Modern gliders are an interesting data point regarding this. A competition glider carries water in its wing tanks to increase weight. This betters performance at high speed, which is essential for competition when conditions provide strong lift.
The pilot can release the water at will, and the tanks can be emptied in a few minutes. This happens in competition every day, either when you are arriving (to land without the extra weight) or sometimes mid-flight when conditions are worse than expected.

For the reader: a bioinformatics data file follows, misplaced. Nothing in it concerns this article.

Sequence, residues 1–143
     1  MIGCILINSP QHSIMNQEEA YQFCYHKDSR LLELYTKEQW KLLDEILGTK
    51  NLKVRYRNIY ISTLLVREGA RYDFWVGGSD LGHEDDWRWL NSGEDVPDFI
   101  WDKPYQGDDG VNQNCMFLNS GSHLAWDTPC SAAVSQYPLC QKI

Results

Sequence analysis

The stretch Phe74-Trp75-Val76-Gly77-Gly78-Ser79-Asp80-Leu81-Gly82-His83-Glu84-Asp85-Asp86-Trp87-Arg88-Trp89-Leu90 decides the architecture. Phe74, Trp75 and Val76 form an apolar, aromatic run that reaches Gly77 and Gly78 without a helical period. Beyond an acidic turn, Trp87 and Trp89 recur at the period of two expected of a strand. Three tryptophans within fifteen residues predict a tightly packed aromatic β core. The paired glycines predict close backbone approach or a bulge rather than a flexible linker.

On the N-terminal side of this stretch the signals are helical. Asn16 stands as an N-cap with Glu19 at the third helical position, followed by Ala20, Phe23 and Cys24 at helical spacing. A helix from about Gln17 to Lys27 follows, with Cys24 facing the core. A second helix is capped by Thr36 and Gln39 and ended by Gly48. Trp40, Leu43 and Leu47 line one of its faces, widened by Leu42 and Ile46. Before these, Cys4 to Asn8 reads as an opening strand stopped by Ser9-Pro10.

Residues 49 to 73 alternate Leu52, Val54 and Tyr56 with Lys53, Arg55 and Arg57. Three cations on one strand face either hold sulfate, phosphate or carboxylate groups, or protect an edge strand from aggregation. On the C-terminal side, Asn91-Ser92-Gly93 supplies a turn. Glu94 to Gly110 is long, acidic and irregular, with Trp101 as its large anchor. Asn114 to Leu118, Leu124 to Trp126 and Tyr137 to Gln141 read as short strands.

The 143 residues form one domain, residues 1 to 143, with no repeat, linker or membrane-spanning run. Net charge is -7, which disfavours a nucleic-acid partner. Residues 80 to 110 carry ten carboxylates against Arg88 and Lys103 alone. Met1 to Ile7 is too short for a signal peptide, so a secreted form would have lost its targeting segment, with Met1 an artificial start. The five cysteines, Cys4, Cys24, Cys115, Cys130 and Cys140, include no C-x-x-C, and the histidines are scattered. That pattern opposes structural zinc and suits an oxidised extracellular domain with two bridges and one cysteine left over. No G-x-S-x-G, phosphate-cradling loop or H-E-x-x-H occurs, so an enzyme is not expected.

So, taking as an example a Ventus 3:
This glider, with pilot included, weighs around 380kg. It can carry up to 212 litres of water in its wings, for a maximum gross weight of 600kg (it also carries a few litres in the tail for cg purposes).
In summary, the pilot can change the weight of the glider from 600kg to 380 kg in some 4 minutes (meaning a 38% change in weight!). This makes the change very noticeable. When empty, the glider is more "feisty", both in that it reacts more to turbulence, and in that the commands (the ailerons, especially) are way more effective.